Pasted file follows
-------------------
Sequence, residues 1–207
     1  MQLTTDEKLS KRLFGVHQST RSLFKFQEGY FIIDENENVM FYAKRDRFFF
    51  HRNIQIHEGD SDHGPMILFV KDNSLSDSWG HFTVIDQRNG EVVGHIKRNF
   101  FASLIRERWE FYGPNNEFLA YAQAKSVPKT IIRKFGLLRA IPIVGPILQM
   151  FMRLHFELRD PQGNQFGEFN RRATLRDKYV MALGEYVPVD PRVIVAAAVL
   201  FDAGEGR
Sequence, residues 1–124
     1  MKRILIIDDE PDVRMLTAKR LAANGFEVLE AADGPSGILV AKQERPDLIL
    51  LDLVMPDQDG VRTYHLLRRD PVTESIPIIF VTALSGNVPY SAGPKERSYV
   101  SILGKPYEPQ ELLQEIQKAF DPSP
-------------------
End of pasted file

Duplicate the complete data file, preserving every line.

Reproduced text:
Sequence, residues 1–207
     1  MQLTTDEKLS KRLFGVHQST RSLFKFQEGY FIIDENENVM FYAKRDRFFF
    51  HRNIQIHEGD SDHGPMILFV KDNSLSDSWG HFTVIDQRNG EVVGHIKRNF
   101  FASLIRERWE FYGPNNEFLA YAQAKSVPKT IIRKFGLLRA IPIVGPILQM
   151  FMRLHFELRD PQGNQFGEFN RRATLRDKYV MALGEYVPVD PRVIVAAAVL
   201  FDAGEGR
Sequence, residues 1–124
     1  MKRILIIDDE PDVRMLTAKR LAANGFEVLE AADGPSGILV AKQERPDLIL
    51  LDLVMPDQDG VRTYHLLRRD PVTESIPIIF VTALSGNVPY SAGPKERSYV
   101  SILGKPYEPQ ELLQEIQKAF DPSP